Part of the International conference on Maharashtra in September 2021 - Madhuri Deshmukh, Oakton Community College, Des Plaines, USA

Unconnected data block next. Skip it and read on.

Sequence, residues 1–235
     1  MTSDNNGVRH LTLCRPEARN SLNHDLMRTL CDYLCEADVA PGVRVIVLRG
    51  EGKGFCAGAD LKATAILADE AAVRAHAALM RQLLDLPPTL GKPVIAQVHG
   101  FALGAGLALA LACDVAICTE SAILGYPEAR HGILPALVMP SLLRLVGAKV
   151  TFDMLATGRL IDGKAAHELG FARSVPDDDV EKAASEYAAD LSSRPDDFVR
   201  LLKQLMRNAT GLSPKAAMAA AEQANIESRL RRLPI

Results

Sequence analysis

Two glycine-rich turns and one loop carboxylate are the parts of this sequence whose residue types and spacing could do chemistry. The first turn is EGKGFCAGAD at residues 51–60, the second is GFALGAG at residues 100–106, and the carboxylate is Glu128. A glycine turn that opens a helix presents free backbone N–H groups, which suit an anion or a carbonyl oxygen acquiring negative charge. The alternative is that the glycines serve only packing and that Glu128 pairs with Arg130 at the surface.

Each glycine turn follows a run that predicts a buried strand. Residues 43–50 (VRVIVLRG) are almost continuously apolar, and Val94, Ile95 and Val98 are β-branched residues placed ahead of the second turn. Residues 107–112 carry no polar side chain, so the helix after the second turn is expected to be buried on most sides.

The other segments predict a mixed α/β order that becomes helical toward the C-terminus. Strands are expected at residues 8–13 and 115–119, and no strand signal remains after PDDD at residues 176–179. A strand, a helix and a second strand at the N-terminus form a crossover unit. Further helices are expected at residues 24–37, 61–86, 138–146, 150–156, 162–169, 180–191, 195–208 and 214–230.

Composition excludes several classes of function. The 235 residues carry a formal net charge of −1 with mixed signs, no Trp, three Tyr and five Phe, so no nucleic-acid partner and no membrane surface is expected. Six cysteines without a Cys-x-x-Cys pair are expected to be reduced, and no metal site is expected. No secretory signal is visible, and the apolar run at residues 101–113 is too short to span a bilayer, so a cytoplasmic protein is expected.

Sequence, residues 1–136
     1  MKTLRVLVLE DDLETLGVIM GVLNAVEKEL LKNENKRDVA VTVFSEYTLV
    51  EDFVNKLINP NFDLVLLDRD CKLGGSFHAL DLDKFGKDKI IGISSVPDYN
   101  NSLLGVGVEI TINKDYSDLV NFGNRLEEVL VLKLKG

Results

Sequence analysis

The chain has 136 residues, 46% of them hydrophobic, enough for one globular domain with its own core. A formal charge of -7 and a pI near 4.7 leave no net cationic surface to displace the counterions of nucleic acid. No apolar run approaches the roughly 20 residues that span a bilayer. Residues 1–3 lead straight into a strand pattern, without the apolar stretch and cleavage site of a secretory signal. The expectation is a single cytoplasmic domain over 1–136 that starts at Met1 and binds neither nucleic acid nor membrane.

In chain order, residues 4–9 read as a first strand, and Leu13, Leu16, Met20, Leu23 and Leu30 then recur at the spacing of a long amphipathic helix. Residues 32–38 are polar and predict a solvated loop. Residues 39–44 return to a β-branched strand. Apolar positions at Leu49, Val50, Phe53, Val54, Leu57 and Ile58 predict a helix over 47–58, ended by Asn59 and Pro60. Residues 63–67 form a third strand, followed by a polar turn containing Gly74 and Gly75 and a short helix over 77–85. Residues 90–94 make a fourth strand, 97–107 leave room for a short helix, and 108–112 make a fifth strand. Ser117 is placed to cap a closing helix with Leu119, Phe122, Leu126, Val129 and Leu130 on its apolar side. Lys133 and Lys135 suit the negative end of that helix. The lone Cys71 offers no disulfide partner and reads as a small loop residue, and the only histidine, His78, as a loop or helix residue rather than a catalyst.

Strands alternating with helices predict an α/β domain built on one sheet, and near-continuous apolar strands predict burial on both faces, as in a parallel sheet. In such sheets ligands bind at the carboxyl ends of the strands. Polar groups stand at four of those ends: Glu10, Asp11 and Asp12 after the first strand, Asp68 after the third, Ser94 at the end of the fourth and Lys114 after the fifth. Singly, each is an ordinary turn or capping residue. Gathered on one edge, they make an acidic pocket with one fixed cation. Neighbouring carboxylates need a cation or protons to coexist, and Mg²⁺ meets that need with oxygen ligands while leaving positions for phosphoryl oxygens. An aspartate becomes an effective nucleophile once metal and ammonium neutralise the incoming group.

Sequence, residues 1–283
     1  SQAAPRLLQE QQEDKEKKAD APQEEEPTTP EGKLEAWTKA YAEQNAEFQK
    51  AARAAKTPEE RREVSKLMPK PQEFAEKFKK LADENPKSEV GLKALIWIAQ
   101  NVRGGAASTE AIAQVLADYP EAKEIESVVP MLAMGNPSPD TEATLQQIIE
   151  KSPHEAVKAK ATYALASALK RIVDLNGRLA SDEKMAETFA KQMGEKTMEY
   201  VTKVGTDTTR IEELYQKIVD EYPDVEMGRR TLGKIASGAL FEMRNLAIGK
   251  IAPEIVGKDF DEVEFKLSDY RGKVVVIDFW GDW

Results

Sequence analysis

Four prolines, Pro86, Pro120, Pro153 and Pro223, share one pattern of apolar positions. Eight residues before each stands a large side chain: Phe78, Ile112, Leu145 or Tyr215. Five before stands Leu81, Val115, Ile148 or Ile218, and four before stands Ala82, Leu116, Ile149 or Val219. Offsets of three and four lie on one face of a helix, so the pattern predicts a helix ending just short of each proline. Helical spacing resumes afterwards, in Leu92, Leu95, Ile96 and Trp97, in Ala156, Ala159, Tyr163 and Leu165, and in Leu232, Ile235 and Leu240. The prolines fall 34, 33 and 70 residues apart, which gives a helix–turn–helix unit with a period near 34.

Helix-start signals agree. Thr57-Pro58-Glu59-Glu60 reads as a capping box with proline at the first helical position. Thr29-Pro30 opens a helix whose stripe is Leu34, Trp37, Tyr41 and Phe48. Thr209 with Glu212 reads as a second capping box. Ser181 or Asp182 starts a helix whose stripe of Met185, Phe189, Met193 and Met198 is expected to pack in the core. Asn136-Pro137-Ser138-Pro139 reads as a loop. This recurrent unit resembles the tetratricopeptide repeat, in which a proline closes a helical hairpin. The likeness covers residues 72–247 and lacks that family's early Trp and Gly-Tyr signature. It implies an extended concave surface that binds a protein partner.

Whereas “the oral forms of the pavāḍā, lāvanī and kīrtan have typically been sung by travelling specialists,”as the conference Concept Note puts it, the grind-mill songs were composed and sung by women in their homes. Accordingly, the grind-mill song tradition is likely to evoke images of a static, timeless and unchanging “folk culture.” In fact, however, the songs of the grind mill—as a genre— record a dislocation particular to the experience of women: their movement from the natal to the conjugal home, from one village and family to another. This movement of women through marriage might be one way in which the songs of the grind mill traveled, as they seem to have, from one village and region to another. This paper will argue that the verse tradition inspired by the labor of the grind-mill traveled well beyond the confines of the domestic space and circulated widely across the genres of Maharashtrian culture, most notably, poetry. Women’s movement from māher to sāsar— represented in poignant songs about the vanvās of Sītā and the homelessness of Janābāī— encapsulates the experience of exile that seems to undergird the widely expressed desire in bhakti poetry for a māher in Pandharpur. Indeed, the journey to māher is the central metaphor for the annual vārī or pilgrimage to Pandharpur, evidence of the influence of the grind-mill songs in crafting the geography of the bhakti imagination. By drawing on the comparative examples of the African-American tradition and European poetry, this paper will delve into the history of the ovī, the dominant poetic form in Marathi literature until the eighteenth century, and the abhaṅga, the dominant form of bhakti poetry, to uncover the circulatory routes between women’s oral compositions—their songs—and the development of written poetry in Maharashtra.